FFWD REW

Past molding the present

New play examines Albertan’s roots

A lot of people would find the prospect of spending a night in a ghost town a little too creepy. Not so for the Theatre Junction team which has recently produced Lucy Lost Her Heart. The team’s research involved spending a night in the abandoned mining town of Wayne Alberta.

Once a bustling burg inhabited by miners the whistle-stop now has a population of 14 people. The Last Chance Saloon a local pub at one time frequented by miners after work remains open for business even as its walls are adorned with bullet holes.

Mark Lawes artistic director of Theatre Junction says the crew travelled to Wayne to get a sense of what it feels like to stand in a place that was once teeming with ambition but is now almost desolate.

“Wayne is an example of many towns in the area that came into being as a result of the coal-mining industry and when the mine closed down the towns had no reason to exist. The dream of economic prosperity and financial independence came with a huge sacrifice both human and environmental loss.”

Lucy Lost Her Heart is about some residents of the fictional abandoned town of Lucy who one day go down into the deserted mine and get stuck there. The reason they get stuck in the mine remains a mystery Lawes says because “in the end it’s about how people can survive together.”

The ensemble spent time visiting a variety of local sites as part of their research. First they visited the local coal mine where there’s now a museum and one can take a guided tour of the mine. On the tour the group heard a variety of interesting historical anecdotes. For example miners in Wayne formed the first unions in Alberta. Small children from England travelled to the West to work in the coal mine and were often put to work in a sorting room. After just a month’s work they often went completely deaf. Yarns like these proved to be instrumental to the crew as they strived to authentically create the atmosphere of such a place.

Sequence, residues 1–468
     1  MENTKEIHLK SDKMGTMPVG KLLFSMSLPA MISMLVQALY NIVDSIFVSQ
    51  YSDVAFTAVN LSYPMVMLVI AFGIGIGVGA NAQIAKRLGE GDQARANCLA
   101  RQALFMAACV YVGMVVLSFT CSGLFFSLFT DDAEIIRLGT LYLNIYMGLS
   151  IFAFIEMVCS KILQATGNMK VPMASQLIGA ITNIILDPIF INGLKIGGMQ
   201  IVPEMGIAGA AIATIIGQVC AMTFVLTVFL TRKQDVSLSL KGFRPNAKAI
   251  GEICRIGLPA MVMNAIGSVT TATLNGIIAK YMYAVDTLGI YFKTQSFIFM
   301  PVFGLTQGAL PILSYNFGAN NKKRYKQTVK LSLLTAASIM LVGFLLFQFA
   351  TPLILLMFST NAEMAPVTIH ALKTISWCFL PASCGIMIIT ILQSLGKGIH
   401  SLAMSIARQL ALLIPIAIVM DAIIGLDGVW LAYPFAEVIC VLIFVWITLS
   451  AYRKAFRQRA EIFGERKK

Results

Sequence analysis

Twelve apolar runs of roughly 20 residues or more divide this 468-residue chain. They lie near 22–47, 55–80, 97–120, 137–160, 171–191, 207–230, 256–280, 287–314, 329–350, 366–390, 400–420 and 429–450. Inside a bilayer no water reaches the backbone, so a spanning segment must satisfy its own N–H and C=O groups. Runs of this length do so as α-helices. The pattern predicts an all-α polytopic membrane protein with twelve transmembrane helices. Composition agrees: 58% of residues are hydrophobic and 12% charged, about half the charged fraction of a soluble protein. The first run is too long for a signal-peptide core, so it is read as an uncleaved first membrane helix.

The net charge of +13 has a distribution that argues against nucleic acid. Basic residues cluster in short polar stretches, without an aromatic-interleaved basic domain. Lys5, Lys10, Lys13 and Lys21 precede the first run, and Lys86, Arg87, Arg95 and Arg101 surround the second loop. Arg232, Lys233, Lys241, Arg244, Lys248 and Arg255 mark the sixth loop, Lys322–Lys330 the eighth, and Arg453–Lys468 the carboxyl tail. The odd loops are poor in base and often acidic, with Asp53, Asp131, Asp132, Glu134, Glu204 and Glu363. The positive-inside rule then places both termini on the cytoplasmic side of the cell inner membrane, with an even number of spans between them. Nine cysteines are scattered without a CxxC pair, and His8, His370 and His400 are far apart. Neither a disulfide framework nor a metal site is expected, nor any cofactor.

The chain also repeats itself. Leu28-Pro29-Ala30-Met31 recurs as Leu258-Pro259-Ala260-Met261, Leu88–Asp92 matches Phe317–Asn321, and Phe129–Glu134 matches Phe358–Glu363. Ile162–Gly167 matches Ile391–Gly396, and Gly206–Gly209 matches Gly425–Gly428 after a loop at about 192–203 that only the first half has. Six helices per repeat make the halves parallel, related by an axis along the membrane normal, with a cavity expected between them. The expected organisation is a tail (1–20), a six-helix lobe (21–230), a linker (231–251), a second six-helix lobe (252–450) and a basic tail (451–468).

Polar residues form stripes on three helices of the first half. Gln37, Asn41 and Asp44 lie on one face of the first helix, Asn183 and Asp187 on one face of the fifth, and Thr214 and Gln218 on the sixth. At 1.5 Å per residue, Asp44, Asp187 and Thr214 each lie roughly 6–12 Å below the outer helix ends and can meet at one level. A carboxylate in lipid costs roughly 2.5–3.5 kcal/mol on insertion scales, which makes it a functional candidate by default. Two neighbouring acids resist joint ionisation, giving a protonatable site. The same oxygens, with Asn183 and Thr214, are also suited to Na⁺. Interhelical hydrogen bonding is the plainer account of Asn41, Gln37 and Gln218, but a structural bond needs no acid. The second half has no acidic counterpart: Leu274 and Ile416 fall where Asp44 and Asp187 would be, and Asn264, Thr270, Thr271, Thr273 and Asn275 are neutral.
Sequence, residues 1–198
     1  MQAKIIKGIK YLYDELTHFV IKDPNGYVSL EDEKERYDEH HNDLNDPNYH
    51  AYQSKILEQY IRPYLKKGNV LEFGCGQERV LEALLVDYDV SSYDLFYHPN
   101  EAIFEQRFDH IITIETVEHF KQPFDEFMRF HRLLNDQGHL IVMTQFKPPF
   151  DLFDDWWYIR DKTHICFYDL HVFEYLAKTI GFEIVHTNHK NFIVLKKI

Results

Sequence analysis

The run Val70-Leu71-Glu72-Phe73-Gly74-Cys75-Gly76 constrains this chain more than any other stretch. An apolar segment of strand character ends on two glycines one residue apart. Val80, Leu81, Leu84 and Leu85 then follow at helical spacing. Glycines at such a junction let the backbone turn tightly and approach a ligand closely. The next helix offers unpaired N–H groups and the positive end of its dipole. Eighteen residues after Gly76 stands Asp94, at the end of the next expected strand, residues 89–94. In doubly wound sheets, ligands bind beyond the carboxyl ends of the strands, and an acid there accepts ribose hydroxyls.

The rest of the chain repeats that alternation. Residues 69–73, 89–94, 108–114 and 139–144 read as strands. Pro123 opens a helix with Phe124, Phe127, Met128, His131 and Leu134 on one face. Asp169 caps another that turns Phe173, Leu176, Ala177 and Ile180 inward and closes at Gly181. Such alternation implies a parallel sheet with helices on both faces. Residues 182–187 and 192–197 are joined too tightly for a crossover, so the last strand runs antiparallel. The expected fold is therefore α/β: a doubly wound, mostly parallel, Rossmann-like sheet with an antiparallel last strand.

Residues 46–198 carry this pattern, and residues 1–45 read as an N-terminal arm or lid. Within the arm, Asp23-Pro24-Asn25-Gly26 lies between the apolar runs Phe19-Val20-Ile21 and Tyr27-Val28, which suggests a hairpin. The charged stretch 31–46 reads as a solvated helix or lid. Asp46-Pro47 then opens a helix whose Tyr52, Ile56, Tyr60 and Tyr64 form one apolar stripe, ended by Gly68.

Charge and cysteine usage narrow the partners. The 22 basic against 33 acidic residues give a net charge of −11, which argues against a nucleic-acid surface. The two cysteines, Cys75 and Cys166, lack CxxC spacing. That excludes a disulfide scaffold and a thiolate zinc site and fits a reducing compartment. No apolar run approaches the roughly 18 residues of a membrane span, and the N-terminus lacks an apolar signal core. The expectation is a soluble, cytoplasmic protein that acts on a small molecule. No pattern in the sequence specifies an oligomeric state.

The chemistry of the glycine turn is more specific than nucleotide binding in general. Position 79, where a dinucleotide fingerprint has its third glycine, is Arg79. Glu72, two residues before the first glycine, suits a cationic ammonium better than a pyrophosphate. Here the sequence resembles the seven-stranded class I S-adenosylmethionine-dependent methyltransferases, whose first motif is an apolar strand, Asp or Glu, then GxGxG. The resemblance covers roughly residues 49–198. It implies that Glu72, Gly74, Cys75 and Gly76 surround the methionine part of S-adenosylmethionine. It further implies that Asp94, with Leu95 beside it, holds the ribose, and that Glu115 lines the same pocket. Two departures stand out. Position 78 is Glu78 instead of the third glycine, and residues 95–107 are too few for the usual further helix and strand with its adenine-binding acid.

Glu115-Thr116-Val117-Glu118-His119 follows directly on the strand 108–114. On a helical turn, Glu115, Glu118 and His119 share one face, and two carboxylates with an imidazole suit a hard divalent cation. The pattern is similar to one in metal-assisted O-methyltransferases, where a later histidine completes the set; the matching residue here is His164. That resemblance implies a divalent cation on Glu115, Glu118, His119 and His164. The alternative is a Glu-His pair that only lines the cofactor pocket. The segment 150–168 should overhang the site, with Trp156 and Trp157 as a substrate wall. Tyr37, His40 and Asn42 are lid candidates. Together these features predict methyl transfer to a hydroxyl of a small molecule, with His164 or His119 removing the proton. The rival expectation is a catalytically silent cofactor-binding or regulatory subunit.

The team heard another interesting story that inspired the creation of a particular figure in the show.

“A lot of the people that came here gave up everything to come to the West. And then the First World War happened and they were asked to go back and fight the war in Europe and they were killed most of them. So it was a real kind of irony escaping that and going back to Europe often leaving their wife and children here by themselves.”

When the ensemble heard about men like this they felt the need to create the figure of a soldier who travelled across the ocean and out West to find land and work only to be sent back to the place he came from to fight the war.

Lucy Lost Her Heart is the result of a collaborative process that Lawes directed whileworking with a mixed bag of artists including actors sculptors musicians and dancers. The group explored the deconstruction of fairy tales and other stories and memories passed down to them by their parents and grandparents. They improvised a variety of scenes and once they felt they had assembled enough material they wrote the script.

The play incorporates a wide gamut of art forms like scenography music and dance.

The creative process is influenced by a new kind of creativity that emerged in Europe after the Second World War. In short the thinking goes that the traditional mode of storytelling didn’t prevent the war so artists began searching for a new way to tell stories one less focused on plot and character and concentrated more on the suggestion of theme. Lucy attempts to follow that same esthetic variety.

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